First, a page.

Energy Secretary Steven Chu on Tuesday told a House science panel that implementing a carbon tariff will level the playing field if other countries do not mandate greenhouse gas emission reductions similar to President Obama’s plan to limit carbon emissions, reports the Wall Street Journal.
Obama has set a goal of cutting carbon-dioxide emissions by 80 percent from 1990 levels by 2050, and supports a cap-and-trade system that would set limits on greenhouse-gas emissions, reports Bloomberg news.
Chu made the announcement one day after one of China’s top climate envoys, Li Gao, told the Dow Jones Newswires, that a carbon tariff on carbon-intensive imports would provoke a trade war and wouldn’t be legal under World Trade Organization agreements. Gao said that consuming nations should pay for carbon emissions in China.
The carbon tax issue is also important to energy-intensive U.S. industries that are concerned that costs imposed by climate-change laws will put them at a disadvantage with competitors in countries that don’t have similar requirements, reports the Wall Street Journal.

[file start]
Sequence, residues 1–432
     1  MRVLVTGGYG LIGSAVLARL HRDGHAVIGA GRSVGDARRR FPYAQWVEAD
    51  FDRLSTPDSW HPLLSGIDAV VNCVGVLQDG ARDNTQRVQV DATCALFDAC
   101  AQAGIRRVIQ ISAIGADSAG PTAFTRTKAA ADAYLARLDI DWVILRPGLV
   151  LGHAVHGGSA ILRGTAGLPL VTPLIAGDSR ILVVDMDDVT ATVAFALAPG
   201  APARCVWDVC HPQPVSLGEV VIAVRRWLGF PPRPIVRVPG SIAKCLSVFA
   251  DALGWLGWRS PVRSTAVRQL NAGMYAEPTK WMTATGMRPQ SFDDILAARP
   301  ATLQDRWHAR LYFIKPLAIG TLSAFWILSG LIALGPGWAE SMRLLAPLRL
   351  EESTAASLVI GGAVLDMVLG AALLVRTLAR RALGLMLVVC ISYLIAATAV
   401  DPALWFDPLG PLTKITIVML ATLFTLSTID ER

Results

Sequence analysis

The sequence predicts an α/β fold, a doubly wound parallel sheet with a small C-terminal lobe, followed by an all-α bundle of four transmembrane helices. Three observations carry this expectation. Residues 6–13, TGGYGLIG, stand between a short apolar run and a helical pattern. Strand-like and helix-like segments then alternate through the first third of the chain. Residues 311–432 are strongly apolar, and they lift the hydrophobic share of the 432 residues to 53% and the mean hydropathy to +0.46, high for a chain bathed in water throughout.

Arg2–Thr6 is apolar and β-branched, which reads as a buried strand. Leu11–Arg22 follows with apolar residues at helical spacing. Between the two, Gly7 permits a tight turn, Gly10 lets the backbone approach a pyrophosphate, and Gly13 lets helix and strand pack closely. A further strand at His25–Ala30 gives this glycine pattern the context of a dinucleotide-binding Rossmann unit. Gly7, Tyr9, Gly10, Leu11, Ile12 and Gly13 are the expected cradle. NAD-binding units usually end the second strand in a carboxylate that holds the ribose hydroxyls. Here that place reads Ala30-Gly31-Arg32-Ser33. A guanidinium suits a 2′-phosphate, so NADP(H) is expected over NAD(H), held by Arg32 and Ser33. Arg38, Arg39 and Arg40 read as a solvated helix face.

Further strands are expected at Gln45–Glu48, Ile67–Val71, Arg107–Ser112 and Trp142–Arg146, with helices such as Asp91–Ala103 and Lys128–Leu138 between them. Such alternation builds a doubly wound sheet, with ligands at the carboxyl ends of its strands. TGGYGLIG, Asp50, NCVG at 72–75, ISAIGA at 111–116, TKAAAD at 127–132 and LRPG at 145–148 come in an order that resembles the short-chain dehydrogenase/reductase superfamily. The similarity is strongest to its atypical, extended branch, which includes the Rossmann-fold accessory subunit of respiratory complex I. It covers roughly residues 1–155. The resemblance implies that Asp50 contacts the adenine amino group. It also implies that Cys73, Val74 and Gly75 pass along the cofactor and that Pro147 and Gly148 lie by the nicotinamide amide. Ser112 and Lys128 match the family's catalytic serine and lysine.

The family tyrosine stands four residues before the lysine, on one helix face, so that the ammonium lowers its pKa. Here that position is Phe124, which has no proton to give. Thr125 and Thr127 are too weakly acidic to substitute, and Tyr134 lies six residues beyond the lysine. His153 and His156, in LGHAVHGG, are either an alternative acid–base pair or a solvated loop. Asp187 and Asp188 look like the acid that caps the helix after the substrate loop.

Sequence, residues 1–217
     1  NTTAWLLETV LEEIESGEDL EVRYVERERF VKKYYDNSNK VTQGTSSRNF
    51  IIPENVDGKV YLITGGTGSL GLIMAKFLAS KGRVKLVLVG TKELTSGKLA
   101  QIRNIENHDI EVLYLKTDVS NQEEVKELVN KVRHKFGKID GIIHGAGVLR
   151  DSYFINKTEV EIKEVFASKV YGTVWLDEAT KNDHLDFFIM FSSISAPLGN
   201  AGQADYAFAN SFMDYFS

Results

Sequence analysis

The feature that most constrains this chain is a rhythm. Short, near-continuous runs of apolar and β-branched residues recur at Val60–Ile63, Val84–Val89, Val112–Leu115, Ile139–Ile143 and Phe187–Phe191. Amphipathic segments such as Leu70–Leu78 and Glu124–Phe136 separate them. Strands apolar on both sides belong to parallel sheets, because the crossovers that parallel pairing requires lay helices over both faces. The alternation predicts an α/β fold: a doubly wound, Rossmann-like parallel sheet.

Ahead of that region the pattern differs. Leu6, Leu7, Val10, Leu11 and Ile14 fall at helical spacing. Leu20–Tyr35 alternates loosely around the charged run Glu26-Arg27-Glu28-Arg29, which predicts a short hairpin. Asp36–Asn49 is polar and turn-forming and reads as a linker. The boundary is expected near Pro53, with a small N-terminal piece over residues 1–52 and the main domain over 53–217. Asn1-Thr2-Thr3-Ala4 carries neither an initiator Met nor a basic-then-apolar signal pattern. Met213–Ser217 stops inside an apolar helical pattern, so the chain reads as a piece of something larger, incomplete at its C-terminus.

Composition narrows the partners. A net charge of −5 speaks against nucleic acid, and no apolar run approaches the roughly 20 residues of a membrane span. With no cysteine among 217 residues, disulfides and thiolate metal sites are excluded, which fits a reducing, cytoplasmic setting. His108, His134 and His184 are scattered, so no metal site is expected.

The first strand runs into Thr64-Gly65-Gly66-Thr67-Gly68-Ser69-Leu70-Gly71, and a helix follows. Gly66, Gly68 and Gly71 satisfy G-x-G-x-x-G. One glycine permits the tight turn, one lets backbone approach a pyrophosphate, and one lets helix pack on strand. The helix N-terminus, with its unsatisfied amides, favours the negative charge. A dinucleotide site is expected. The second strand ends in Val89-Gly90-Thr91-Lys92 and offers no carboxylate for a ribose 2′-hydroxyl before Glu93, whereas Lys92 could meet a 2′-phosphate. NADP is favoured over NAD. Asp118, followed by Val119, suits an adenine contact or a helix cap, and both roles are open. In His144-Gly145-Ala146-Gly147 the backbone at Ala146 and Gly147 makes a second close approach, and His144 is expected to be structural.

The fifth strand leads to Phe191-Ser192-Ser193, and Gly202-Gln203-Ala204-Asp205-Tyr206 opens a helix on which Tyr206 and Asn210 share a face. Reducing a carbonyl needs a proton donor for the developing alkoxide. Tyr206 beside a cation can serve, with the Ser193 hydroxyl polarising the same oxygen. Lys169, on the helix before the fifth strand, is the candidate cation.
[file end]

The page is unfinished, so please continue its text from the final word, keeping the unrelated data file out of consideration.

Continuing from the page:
U.S. trading partners, worried about protectionist language, are expressing tough talk against U.S. tariff plans. The Wall Street Journal reports that Mexico announced tariffs on $2.4 billion of U.S. goods in retaliation for limited access of Mexican truckers on U.S. roads. European Union officials also are considering a similar tariff.